So, I’m sorry that I couldn’t fulfil the homework mission set for us all this week, but felt the need to relate to you all my attempts at work in progress. I didn’t want to simply say that I had tried yet failed. But it was the truth. Anyway, at least I tried.

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Collecting the Detectives

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One day I tried to write ten short stories inspired by fictionalised detectives and solvers of crime. You see, crime has always been my preferred television genre –

I adored the relentless surliness of Morse, Tom Barnaby the family man, the astonishing prim Miss Marple, and Hercules Poirot with his neat squares of breakfast toast.

I sat at my computer and began to type – but, despite all my interest in the genre, I couldn’t make it work.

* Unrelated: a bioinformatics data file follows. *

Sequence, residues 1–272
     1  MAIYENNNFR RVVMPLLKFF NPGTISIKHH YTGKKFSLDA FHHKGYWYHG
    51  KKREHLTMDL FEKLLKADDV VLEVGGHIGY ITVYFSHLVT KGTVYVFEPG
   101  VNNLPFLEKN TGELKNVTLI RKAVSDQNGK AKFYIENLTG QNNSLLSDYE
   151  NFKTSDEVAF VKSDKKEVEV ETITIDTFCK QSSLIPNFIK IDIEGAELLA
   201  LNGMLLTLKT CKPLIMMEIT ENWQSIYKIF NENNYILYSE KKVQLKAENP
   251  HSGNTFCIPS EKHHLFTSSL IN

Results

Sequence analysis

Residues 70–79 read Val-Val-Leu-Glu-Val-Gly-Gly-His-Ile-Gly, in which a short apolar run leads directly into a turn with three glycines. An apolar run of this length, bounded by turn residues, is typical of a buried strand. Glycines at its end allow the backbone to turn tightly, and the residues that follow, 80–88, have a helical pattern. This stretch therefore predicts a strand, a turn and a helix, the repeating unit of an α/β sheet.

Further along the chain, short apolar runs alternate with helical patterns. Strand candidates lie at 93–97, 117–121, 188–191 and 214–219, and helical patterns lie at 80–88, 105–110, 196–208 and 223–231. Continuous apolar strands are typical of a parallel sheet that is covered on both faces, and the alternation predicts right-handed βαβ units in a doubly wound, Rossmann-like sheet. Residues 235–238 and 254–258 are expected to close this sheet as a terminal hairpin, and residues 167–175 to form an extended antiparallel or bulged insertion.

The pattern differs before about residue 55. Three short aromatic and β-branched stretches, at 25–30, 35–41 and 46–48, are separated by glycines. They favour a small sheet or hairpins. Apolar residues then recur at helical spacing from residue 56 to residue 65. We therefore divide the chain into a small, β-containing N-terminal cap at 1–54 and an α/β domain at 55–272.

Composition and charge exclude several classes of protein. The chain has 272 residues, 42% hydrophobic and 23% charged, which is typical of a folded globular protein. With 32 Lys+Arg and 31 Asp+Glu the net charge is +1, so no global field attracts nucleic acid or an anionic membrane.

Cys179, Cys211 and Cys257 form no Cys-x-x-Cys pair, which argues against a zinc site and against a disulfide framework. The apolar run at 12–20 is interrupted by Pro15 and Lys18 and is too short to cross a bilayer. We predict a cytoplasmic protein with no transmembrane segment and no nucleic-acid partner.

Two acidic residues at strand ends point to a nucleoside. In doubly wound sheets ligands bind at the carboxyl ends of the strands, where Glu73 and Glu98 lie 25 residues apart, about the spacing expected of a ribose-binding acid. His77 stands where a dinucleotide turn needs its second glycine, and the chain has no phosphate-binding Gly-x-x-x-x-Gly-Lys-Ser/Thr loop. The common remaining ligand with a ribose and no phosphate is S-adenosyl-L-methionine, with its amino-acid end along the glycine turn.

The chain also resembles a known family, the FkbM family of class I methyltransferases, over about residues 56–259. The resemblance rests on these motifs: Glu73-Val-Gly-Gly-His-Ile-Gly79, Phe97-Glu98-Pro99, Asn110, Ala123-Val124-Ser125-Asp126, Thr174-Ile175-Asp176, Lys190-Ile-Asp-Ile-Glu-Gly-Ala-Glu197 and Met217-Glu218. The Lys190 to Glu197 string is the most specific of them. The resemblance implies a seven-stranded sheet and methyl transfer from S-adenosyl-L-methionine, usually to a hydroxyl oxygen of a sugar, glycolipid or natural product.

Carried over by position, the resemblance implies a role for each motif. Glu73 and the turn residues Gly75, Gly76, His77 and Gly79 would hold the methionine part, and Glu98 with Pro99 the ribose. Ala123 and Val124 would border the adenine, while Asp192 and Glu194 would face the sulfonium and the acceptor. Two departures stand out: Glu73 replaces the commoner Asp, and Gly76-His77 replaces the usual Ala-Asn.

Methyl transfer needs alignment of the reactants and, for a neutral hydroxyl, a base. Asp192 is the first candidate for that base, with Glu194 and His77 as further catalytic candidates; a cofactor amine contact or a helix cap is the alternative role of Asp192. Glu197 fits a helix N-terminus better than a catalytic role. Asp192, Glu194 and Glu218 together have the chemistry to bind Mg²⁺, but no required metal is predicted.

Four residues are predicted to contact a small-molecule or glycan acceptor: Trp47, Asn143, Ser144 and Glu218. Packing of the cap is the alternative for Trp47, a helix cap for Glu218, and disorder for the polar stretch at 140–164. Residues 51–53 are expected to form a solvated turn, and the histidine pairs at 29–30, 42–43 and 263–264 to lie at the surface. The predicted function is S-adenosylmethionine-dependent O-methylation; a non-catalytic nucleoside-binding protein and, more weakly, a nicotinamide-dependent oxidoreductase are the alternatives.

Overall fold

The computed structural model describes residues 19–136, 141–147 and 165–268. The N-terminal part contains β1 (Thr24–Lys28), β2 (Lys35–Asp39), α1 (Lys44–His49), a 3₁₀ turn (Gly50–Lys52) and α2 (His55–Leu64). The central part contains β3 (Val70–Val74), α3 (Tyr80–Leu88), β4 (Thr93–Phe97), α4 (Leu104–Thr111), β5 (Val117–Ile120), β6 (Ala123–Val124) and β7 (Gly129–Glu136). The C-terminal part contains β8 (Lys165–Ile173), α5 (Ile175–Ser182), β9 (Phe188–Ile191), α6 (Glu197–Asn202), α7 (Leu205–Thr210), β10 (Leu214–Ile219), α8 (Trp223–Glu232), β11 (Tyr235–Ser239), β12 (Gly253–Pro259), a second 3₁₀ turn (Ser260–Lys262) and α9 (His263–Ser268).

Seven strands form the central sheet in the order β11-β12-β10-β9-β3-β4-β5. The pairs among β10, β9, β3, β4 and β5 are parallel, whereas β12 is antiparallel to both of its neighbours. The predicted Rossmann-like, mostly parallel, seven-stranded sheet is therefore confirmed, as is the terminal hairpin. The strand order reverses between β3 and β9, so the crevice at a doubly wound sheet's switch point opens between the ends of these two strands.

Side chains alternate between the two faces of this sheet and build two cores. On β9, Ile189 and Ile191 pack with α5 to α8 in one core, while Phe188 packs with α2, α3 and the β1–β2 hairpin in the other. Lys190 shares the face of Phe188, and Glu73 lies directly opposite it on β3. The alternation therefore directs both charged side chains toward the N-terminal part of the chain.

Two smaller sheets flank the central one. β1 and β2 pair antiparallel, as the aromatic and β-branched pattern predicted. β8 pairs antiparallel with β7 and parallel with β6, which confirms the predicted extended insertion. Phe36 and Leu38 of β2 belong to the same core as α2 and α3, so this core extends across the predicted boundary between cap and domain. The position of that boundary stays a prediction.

Perhaps I was getting hung up on technicalities and legalities: all the problems of copyright and the like. But I couldn’t help but wonder.

How would one go about creating the perfect character?

Perhaps the detective would be Bergerac-like, though less smooth.

Perhaps he would now be retired and back in Jersey, ready to meet up with an old flame – a retired ex-jewel thief?

Or perhaps my hero might be more like ex-police detective, Henry Crabbe, now running his own restaurant, who would be found cooking up something amazing when Tony Hill, criminal profiler and psychologist arrives for a meal. Crabbe and Hill might discuss whodunnits and Tommy Cooper, and over the course of the meal and a couple of after-dinner drinks, the crime would be solved. Or perhaps my detective would be more like Inspector Rebus – a rough-around-the-edges Scot, set apart from society, but who eats, drinks and sleeps crime.

But my plans didn’t turn out. I realised that all I was doing was listing and exaggerating. I was collecting the detectives.

Being an aficionado of televised crime fiction (with Columbo being a personal favourite) I accidentally began writing a short story about the rain-coated, cigar smoking wonder. It led to some experimentation and has been interesting to say the least.